If you are a crypto aficionado, then you probably know that Europe, Asia, the North American continent, and even Africa are already experiencing fast growth when it comes to blockchain technology adoption. However, markets in South America still has a lot to gain from blockchain technology, despite the massive corruption and economic instability that currently plague most of the countries within the continent.
Not only this, but South Americans are showing a great interest in cryptocurrencies such as Bitcoin, which accelerated the blockchain adoption as well. While some countries like Bolivia and Ecuador have initially banned cryptocurrencies, others are making valiant efforts to recognize and regulate them, while some have no plan or regulatory framework at all.
South American Countries Using Blockchain Technology
Here is our list of South American countries that have adopted blockchain and the social impact of this.
Venezuela has been catching and continues to catch a staggering number of headlines with its controversial government decisions. When it comes to blockchain adoption, Venezuela is considered to be a “black sheep.”
In order to bypass US sanctions as well as to cut down on the skyrocketing inflation, the country’s socialist government has launched its own Petroleum-backed cryptocurrency dubbed Petro. In theory, one Petro unit is backed by one barrel of Venezuelan oil. It’s only natural that Venezuela backs its cryptocurrency with oil since it’s the country’s main resource.
Even though it might come as a surprise for some, Chile is right at the forefront of blockchain adoption in Latin America. Chile has shown interest in cryptocurrencies and blockchain tech even from 2015, when the government funded and launched the first Bitcoin-pesos exchange.
In 2017, the technology giant IBM partnered with the Santiago Exchange, Chile’s largest stock exchange, in order to boost the adoption of blockchain technology by the nation’s financial institutions. Earlier this year, Chile announced it would be adopting blockchain technology for its national energy grid.
Even if Colombia’s stance on cryptocurrencies and blockchains was neutral in the past, the country’s government is currently showing an active interest in the technologies mentioned above. In June this year, the Colombian government held various hearings where it discussed leveraging the advantages of blockchain technology.
It could be argued that the crypto and blockchain scene in Columbia is decent, especially as six public and private Colombian companies have joined forces and launched the Colombia Blockchain Association.
Argentina is another Latin American country that has displayed interest towards making the most of what blockchain technology and cryptocurrencies can provide. Earlier this year,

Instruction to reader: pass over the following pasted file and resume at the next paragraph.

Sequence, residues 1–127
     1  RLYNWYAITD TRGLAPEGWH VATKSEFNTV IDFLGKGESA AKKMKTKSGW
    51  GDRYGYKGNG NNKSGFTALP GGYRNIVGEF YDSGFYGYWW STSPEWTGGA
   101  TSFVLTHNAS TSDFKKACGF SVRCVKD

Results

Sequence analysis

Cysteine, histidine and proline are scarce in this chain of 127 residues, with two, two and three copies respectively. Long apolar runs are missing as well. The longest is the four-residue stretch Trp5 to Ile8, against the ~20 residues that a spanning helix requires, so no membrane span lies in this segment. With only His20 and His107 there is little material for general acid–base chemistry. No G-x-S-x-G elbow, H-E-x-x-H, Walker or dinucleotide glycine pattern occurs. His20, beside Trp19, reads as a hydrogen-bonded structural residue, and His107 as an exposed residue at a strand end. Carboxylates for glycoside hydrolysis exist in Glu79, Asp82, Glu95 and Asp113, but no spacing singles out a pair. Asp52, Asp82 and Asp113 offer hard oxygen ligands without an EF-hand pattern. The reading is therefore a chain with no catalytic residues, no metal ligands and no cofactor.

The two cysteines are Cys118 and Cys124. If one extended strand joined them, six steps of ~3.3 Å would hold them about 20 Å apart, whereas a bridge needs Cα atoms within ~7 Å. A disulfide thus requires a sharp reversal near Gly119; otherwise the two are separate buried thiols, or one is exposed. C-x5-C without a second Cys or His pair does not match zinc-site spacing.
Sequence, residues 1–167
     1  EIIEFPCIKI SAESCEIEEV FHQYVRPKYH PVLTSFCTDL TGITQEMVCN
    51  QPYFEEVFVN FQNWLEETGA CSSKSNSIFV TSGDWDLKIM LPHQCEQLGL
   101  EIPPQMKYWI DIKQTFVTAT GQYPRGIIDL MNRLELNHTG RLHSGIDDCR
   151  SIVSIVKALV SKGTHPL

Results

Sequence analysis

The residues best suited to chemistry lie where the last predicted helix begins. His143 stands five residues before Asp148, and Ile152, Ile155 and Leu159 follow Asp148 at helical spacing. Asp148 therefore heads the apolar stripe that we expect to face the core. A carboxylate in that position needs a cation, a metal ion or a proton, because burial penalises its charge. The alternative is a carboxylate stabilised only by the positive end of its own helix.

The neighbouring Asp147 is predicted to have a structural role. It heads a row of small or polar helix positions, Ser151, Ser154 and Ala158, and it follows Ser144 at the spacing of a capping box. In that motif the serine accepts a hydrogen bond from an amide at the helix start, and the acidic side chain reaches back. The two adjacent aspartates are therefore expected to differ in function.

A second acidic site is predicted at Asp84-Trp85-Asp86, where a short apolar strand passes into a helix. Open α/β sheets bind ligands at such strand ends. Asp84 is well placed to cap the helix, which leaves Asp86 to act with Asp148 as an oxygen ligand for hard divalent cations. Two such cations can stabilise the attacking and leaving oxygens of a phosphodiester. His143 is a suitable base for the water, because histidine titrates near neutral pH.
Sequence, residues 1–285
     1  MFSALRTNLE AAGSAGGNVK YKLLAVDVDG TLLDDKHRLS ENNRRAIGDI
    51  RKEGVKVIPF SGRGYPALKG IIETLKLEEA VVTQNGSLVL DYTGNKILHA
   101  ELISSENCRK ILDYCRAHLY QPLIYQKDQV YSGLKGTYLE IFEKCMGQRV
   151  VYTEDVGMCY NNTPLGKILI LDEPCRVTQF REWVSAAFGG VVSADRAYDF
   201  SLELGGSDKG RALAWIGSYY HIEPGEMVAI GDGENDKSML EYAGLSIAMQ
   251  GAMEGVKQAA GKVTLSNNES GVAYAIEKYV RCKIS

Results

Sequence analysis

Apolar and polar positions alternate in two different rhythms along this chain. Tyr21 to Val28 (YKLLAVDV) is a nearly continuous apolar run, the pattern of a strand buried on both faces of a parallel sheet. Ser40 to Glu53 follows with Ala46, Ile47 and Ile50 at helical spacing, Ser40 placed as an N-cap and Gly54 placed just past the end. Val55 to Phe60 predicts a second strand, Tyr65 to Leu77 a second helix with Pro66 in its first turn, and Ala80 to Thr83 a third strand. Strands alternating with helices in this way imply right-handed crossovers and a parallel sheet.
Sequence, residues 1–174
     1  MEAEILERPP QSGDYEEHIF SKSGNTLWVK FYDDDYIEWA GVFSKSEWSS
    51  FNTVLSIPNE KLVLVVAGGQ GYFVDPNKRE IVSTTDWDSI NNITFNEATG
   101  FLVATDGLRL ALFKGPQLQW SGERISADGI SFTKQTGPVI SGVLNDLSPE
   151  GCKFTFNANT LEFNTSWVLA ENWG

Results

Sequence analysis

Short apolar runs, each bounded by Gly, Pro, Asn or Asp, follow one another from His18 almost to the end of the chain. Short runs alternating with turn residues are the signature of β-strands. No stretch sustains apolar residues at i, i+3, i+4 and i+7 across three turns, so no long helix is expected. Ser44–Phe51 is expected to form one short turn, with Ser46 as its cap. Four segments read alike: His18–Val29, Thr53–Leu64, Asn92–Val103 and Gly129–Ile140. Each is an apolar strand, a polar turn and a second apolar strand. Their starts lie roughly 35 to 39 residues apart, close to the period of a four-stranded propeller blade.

Argentina announced that it would be making significant efforts towards regulating cryptocurrencies.
Just like most Latin American countries, Argentina rushed towards the blockchain world due to both economic and political instability.
Nowadays, Argentina has one of the highest numbers of crypto ATMs in South America, and cryptocurrency courses available at various universities.
Brazil is the country with arguably the best economy in all of Latin America. According to recent events, it also appears to be the leader when it comes to cryptocurrency and blockchain adoption, both on the regulatory side and the development side of things.
Interesting enough, in Brazil, more people have crypto trading accounts than traditional brokerage accounts.
Just to give you an idea about just how advanced cryptocurrency is in Brazil, roughly a year ago, a crypto exchange called Foxbit had roughly 100,000 registered users. Now, it has more than 400,000. There’s a good chance that this increased interest in cryptocurrencies will eventually lead to a wide-scale adoption of blockchain technologies in the near future.
Just like most other countries where the large majority of the population is unbanked, Bolivia is another country that could greatly benefit from the advantages of blockchain and cryptocurrencies. However, the situation in Bolivia is not as good as other South American countries, as it was the first country on the continent to ban cryptocurrencies back in 2014.
Be that as it may, various private firms within the country have since been exploring the potential of cryptocurrencies’ underlying technology, the blockchain. One very good example of companies that are currently looking into blockchain tech is the La Paz-based Banco Ecofuturo.
Ecuador banned all cryptocurrencies back in July 2014, right before issuing its own digital currency as part of a reform to the country’s monetary system. The digital currency in question (dinero electronico, or DE) is backed by the assets of the Central Bank of Ecuador. However, since Ecuadorian officials have neglected to punish defiant crypto use, Ecuadorians have not stopped using Bitcoin and other cryptos.
Unfortunately, there’s no getting away from the fact that the crypto ban affected and will continue to affect Ecuador when it comes to blockchain adoption.
Uruguay has just started its journey towards blockchain adoption. In November 2017, the country’s central bank presented a six-month pilot plan for the issuance and use of the digital version of the Uruguayan peso.
Even though the country does not stand out regarding blockchain adoption, it appears to be making positive steps towards raising awareness of the benefits of blockchain tech. For example, Uruguay will soon hold its first edition of the Blockchain Summit on September 5th.
Cole is a freelance writer focusing on cryptocurrency and emerging technologies. Previous articles on Masternodes have been featured on leading crypto websites and quoted in Whitepapers.